Live font interpolation with SVG

Live interpolation of fonts in the browser promises to be The Hot Next Thing in font technology (see Nick Sherman’s inspiring ATypI 2013 talk (this video link sadly seems broken), his A List Apart article, and Andrew Johnson’s article and proof-of-concept on the same platform). The idea is massively exciting to me; when I found myself with some time today, I played around with live interpolation on the basis of SVG.

You can see the result, a little proof-of-concept, above (and in the current typologic nameplate). The code reads font data (path definitions and widths of glyphs) from an SVG font file, and animates the interpolation between the two extremes, with a little bouncy extrapolation happening around the edges.

This sort of thing is relatively easy. SVG is not only a vector graphics format for the web, but also an (almost-obsolete) font format. The interesting thing about SVG here is that it’s XML-based, hence human-readable and, unlike other webfont formats, accessible by scripts running in browsers. Conveniently, there are JavaScript libraries for working with SVG graphics, which can also be used with SVG fonts. I used Snap.svg (the newer brother of Raphaël). Many of Snap’s bells and whistles may be over the top for type work, but it has the nice feature of being able to load existing SVG files (exported from Illustrator, or in our case, font editors) that can then be edited, animated etc. via JavaScript. Including, yes, interpolation.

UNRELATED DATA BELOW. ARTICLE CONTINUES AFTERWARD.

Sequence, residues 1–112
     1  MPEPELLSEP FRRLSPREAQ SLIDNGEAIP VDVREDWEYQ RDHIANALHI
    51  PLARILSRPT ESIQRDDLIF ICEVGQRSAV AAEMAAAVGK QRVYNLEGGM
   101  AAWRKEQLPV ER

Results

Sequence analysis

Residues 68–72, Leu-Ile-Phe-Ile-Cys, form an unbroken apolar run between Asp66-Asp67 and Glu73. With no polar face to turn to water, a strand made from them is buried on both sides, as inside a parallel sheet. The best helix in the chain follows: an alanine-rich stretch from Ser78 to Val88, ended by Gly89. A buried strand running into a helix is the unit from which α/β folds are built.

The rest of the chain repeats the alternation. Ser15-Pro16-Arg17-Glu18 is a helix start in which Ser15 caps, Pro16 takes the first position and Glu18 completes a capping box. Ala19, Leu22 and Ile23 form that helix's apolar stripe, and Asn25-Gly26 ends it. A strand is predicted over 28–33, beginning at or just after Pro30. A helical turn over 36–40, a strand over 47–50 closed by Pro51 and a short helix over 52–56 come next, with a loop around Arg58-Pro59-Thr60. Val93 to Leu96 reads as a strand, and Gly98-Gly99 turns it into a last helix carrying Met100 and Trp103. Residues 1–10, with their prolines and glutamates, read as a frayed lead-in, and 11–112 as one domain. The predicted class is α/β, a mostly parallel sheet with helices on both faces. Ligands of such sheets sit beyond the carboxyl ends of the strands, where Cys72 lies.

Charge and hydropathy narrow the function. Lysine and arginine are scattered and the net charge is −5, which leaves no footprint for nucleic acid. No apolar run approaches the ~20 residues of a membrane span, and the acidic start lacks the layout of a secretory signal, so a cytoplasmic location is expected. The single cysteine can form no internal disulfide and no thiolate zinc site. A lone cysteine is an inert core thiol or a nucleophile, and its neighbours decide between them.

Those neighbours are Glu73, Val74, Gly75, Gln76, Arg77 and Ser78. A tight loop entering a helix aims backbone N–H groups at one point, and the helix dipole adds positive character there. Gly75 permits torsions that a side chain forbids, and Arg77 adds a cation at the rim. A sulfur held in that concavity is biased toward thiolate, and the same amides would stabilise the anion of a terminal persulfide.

Now, seriously though – while it does interpolate, this does of course not come very close to solving the bigger problem. It’s more of a party trick that I’m throwing at a much bigger building site. (Also insert necessary disclaimer that I am not a developer, and am sure this can be done more elegantly. For one thing, in this implementation the result is displayed as a series of graphics, and not searchable/crawlable as text.) For actual body text, there are good reasons why SVG is not commonly used for webfonts; for one thing, I’m not sure kerning in SVG fonts is generally supported; OpenType features are not, and nevermind hinting.

So overall, I’m dreaming of a new web font format down the road, optimized for live interpolation. In the meantime, maybe SVG could be interesting for people who want to play around with interpolation of just a little bunch of letters? It’s a bit messy, but fun. Please feel free to have a look at the code (standalone page here), re-use, improve, discuss.

Update 21 Feb: Very cool demo page by Jeremie Hornus with a wonderfully subtle and effective, live-interpolated logotype for responsive design. This uses the same tools as described above (SVG with Snap.svg).

Update 18 June: A fantastic collection of responsive + animated lettering examples by Erik van Blokland (also made with Snap.svg) as presented at Typographics 2015.